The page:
Completely stopping pollution is not the answer, it will cost jobs and ACCELLERATE global warming, what is needed is extra research and a way to let CO2 escape from our atmosphere.

    Legalising Marijuana, just because it is one of the least harmful drugs, it should be legalise …. good we will help the kids start on drugs …. did anyone mention the side effects?

    And don’t get me started on border potection …ie just let everyone in to use our welfare system and medical system ….. I am guessing that money grows on the green tree

    All the green ever have is populist policies, pollicies to lure people who have not really throught about all the effects of what they are suggesting, but like something at first glance, without properly thinking it through

  9. dovif, you might want to read the policies before you dig yourself into a hole.
    Marijuana was going to be legalised for medical purposes and so it would be treated as a health problem instead of a criminal one. Zero tolerance doesn’t work.
    Pollution EVENTUALLY harm us? It already is harming us. As for global dimming, only about 2% of scientists still think this is real. (if that)

    As for those other comments, from your track record on policy, you are wrong there too.

    Try thinking for yourself instead of just taking Andrew Bolt’s rambling as gospel

  10. Getting back to psephology rather than debate about the policies, dovif’s claim that “the opinion polls will always over report the green vote” is clearly wrong. Just look at the South Australian result.

    Dozens of polls taken, but not one overstated the Green vote in the lower house. (True the one upper house poll I saw did, but it overstated everyone other than Xenaphon). Two last minute polls had the Greens about right – 6% as against the vote of 6.3 (may shift slightly with postals and absentees). Howver, most previous polls had the Greens on 4%, one on 2%. Similarly, the Greens vote in most if not all electorates was higher than the polls our good host placed on the site.

    If you look back a bit earlier you will certainly find some elections where the polls overestimated the Green vote – notably 2004 federal and 2003 NSW, but there are plenty of counter examples as well.

  11. Rant=on

    The main problem with the Greens, and why they will never exceed the cap they seem to have hit, is that they think they’re on a religious crusade, and they genuinely don’t understand why people wouldn’t support them. In many ways they are the mirror image of parties on the Right like the Christian Democrats.

    I think the Greens do hold a valid place in the political spectrum but I can’t see them filling the void left by the Democrats because the same level of pragmatism just isn’t there. People on a crusade don’t tend to be very flexible with their ideals (“follow us or die!!”).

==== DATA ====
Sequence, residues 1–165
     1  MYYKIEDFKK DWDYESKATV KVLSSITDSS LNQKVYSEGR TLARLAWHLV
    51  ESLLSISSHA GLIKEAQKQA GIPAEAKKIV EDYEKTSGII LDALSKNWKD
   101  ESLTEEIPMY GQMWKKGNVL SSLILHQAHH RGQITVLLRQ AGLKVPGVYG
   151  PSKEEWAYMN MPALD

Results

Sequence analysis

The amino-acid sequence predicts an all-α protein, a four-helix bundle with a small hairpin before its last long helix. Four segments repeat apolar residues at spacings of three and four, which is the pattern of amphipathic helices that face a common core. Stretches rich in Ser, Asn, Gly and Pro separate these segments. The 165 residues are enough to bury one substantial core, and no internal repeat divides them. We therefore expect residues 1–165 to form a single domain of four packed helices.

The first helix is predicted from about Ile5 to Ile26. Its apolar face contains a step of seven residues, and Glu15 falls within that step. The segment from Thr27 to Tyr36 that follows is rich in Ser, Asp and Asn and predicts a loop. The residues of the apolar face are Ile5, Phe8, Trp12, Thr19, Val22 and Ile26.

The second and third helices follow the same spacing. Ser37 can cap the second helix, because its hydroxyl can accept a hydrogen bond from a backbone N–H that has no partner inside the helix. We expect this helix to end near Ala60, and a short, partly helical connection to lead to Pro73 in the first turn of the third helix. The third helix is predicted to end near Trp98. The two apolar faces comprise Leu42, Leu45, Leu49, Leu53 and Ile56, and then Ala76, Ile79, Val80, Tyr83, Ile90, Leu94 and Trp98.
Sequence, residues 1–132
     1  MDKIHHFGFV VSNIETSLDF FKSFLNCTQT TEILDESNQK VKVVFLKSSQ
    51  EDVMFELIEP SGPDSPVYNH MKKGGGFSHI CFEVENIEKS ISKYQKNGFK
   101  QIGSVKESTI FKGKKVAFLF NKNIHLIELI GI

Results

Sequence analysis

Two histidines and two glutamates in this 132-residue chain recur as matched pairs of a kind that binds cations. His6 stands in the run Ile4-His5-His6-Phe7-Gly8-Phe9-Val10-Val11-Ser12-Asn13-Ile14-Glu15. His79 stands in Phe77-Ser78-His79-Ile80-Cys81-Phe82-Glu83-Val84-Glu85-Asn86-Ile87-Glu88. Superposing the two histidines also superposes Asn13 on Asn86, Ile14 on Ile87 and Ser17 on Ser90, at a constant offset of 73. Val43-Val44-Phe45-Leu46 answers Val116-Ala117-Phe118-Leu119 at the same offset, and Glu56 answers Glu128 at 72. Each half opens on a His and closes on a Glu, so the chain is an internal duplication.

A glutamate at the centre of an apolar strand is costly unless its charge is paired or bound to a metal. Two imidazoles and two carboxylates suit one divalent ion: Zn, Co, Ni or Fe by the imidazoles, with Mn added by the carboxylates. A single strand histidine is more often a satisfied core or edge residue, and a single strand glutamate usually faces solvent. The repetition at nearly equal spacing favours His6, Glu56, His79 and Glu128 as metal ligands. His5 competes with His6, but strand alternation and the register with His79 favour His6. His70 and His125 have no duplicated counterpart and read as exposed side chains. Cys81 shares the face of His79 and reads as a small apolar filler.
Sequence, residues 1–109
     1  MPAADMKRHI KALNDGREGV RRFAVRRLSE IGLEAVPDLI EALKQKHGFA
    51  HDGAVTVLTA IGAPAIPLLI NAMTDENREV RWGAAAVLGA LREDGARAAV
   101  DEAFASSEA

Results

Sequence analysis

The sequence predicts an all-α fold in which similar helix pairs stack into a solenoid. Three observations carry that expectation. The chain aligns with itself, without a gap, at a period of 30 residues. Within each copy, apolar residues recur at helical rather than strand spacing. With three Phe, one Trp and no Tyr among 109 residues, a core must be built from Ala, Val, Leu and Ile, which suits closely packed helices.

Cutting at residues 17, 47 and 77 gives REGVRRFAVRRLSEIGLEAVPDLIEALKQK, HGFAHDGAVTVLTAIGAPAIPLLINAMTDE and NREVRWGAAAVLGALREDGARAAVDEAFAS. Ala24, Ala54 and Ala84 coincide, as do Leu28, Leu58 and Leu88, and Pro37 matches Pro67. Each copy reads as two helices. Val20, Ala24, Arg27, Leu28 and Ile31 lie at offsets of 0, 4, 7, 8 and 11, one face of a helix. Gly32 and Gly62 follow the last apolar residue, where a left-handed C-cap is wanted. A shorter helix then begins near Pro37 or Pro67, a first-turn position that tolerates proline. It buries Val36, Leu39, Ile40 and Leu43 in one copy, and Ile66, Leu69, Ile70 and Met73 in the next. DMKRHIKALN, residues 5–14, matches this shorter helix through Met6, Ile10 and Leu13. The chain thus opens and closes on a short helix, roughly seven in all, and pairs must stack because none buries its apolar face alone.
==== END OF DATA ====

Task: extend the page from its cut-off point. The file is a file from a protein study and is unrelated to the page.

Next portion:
I reckon this is also why Xenophon did so well in SA – although he has core beliefs he seems to show a willingness to act as an honest broker and consider an argument.

    If the Greens were to dump their socialist/marxist leanings and become a genuine environmentally and socially progressive party (as distinct fro ma socialist party) they would be able to capture the centrist ex-Dem vote. Dump the Kerry Nettles and Syvlia Hales and I might consider voting for you!!


  12. Allegory, as a member of the Greens in Vic for almost 10 years, I agree we need to get rid of the marxist element. However, it is a rather small element of the Vic Greens(that I’ve noticed), and most of us dislike being labled as a socialist party. I for one hate socialist agendas, and try to be a broker while keeping to our core principles.

    As I know this is all way off topic, maybe our wonderful host could give us a thread dedicated to the pros and cons of parties and independents.

    Just an idea

  13. The reason the Greens and other fringe parties will never get into government in their own right is simple – if their policies start proving very popular the mainstream parties will adopt them. Because they are small their people will rarely be sufficiently professional to allow them to grow big enough to give a full policy spectrum, so, they will remain where they are, advocating different policies from the edges. Their greatest success will be in getting their policies adopted by the mainstream parties.
    They have a place, and it is an important one, but that place is not governing in their own right.

  14. deewyn,